4

Cheating, just a bit ;) Look ma, no recursion!

Tested at rextester.com

SELECT btree.*        -- , a,b,c,d     -- uncomment to see the parts
FROM btree 
  OUTER APPLY
    ( SELECT rlc = REVERSE(LEFT(name, CHARINDEX(' ', name)-1))) AS r
  OUTER APPLY
    ( SELECT a = CAST(REVERSE(PARSENAME(r.rlc, 1)) AS int),
             b = CAST(REVERSE(PARSENAME(r.rlc, 2)) AS int),
             c = CAST(REVERSE(PARSENAME(r.rlc, 3)) AS int),
             d = CAST(REVERSE(PARSENAME(r.rlc, 4)) AS int)
    ) AS p 
ORDER BY a, b, c, d ;

Of course the above is rather limited. It works only under the assumptions:

  • the name column has stored (in the first part) the actual "path".
  • the depth of the tree is maximum 4 (so the path has up to 4 parts).
  • the CAST .. AS int is needed only if the parts are numbers.

Explanation: The code works by using the function PARSENAME() which has the main purpose of splitting an object name into its 4 parts:

Server.Database.Schema.Object
  |        |       |      |
 4th      3rd     2nd    1st

Note that the order is reverse. As an example, PARSENAME('dbo.btree', 2) will give us 'dbo' as a result.With 3, we'll get NULL (that's why the REVERSE() is used twice in the code. Otherwise we'd get the nulls in the beginning. The '1.2' would be parsed into null, null, 1, 2 while we want 1, 2, null, null.)


Conclusion: after all that, I should add that the answer by Bob Campbel is the way to go as it is more general and produces (in the "path" column in the result) the path hierarchy, which can then be used for the ORDER BY.

Other options you may consider - if the size of the table grows big and the recursive solution becomes slow - is to actually store the path in a separate column (in a format that is good for ordering, i.e. with padding) or to use the provided HierarchyID type which is exactly for this use case, hierarchical data.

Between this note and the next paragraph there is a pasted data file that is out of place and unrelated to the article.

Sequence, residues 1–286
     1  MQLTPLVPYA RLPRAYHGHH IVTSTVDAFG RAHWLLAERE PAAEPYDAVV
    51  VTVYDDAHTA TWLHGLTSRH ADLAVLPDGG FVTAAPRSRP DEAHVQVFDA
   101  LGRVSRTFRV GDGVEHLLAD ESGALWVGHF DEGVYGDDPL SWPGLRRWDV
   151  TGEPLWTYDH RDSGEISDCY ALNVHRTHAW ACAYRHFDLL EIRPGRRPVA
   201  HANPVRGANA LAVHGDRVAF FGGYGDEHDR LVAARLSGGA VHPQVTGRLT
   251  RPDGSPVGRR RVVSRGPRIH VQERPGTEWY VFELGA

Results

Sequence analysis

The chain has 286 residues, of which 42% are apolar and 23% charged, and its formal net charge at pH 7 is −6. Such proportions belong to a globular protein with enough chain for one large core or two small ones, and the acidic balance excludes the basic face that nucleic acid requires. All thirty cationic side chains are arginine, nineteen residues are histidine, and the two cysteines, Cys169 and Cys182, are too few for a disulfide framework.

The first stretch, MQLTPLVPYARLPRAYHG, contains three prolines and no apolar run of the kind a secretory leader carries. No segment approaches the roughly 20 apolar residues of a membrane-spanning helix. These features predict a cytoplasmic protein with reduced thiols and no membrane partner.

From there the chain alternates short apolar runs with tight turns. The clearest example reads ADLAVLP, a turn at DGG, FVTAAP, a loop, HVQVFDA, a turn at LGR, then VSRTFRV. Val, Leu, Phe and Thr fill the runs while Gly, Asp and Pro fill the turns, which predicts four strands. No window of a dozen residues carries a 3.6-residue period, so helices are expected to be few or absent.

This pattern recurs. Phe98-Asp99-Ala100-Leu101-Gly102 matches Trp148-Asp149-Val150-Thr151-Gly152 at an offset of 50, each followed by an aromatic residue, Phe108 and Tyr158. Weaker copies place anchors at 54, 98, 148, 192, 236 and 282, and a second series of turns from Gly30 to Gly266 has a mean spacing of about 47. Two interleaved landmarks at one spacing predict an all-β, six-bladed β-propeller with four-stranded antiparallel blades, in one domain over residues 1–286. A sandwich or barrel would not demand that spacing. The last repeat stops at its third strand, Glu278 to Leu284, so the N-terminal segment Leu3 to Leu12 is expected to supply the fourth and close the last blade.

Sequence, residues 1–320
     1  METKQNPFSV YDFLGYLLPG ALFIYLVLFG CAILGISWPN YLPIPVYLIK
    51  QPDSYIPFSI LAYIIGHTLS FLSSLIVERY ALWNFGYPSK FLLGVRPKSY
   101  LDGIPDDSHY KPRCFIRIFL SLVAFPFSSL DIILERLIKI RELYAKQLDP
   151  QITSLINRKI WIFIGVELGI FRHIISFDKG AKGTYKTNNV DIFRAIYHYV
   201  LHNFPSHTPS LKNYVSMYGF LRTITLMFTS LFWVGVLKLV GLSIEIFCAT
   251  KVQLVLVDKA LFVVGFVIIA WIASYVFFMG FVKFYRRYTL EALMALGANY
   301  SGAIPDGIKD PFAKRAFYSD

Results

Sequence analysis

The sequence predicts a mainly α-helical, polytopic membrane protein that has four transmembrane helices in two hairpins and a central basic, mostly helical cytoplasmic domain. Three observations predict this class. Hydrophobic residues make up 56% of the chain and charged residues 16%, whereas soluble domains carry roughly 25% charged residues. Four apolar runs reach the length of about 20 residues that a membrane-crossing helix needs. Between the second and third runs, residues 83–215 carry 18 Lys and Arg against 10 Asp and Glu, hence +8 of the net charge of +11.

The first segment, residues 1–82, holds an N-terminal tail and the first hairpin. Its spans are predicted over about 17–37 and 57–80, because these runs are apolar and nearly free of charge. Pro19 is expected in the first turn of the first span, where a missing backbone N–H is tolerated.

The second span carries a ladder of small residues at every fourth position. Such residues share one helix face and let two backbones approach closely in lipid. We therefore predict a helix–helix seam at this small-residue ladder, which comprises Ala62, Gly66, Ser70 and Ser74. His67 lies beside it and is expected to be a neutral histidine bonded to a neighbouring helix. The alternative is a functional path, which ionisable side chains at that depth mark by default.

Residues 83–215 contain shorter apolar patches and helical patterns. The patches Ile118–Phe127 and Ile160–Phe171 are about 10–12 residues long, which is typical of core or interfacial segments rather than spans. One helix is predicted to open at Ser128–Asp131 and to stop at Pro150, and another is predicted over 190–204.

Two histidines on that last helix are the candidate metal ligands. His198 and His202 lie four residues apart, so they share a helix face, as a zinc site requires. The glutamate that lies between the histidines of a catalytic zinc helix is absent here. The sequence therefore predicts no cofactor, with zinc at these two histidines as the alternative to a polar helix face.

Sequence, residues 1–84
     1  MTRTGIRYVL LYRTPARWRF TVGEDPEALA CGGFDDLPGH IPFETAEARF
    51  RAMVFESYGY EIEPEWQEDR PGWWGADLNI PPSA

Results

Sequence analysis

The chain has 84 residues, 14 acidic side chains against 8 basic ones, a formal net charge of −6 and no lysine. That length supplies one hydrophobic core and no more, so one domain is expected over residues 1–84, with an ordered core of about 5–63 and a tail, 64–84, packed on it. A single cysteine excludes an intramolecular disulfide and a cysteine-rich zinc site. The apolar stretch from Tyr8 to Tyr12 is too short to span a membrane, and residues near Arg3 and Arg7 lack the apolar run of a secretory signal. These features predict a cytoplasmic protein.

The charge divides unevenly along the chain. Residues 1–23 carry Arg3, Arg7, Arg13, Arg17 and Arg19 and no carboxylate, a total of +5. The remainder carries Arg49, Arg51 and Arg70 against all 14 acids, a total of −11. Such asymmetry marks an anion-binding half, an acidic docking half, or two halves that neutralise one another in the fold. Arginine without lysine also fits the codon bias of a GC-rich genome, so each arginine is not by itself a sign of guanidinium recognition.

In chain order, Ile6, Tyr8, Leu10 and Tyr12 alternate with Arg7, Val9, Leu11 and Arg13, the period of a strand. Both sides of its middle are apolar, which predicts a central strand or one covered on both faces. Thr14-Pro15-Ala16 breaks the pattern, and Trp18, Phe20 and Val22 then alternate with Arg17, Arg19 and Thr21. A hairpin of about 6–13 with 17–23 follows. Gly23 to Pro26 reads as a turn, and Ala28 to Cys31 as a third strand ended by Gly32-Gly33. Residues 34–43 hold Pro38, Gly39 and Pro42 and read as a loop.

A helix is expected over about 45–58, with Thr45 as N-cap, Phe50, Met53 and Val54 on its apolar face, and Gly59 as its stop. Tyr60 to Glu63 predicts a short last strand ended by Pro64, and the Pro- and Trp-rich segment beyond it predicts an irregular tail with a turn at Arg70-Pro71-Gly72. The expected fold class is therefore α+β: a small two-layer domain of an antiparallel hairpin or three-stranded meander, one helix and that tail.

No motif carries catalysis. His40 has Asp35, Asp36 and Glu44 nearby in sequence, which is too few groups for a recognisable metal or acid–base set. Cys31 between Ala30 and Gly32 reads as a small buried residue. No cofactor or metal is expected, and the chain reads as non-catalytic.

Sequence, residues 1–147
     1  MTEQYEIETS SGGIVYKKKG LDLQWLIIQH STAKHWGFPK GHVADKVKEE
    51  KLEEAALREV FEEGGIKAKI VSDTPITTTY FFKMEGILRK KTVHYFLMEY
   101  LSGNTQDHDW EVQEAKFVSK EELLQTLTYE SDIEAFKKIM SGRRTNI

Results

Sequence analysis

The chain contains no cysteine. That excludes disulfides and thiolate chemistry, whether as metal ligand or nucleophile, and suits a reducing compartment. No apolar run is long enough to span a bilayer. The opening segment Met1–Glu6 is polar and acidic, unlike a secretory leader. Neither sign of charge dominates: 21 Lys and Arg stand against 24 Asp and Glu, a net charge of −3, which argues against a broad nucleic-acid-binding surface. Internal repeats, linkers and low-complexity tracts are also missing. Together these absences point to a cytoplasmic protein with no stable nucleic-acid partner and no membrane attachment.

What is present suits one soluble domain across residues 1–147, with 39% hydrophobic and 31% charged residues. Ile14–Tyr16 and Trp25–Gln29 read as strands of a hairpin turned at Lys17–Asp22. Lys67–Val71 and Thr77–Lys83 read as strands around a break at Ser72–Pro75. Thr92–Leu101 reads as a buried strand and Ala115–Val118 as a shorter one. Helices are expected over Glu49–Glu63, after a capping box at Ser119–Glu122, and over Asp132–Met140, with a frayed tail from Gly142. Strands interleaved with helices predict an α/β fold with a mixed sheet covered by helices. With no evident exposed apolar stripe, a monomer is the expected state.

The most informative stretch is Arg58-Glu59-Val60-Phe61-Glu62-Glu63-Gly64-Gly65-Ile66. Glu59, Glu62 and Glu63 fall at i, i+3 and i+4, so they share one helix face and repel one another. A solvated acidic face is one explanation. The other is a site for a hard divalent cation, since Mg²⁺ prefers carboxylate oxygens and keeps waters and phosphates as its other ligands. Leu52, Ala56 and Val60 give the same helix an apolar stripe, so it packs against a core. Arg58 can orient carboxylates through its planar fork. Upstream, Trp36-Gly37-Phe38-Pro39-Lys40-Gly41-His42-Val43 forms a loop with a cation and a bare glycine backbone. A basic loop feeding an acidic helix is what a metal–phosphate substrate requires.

| improve this answer | |
  • :) It's really awesome! Unfortunately name cannot be used in this case. It will take me all night long to decipher it, could I have some explanation? – McNets Jan 12 '17 at 23:47
  • So, the "name" column does not have the data you provided in the example? Pity. – ypercubeᵀᴹ Jan 12 '17 at 23:49
  • No, I've used it as example, just to remark there are some levels. – McNets Jan 12 '17 at 23:52
  • 1
    @Mcnets in the (unlikely) case that the name does store a path (with text), like 'order173.palletA27.box9'.bag3A, you could still use the code (just remove the casts to int). In any case, the query by BenCambell is the way to go in general. – ypercubeᵀᴹ Jan 13 '17 at 0:04
  • 1
    @EvanCarroll yes, the hierarchyid type. I was just adding a last paragraph about other options with link. – ypercubeᵀᴹ Jan 13 '17 at 0:29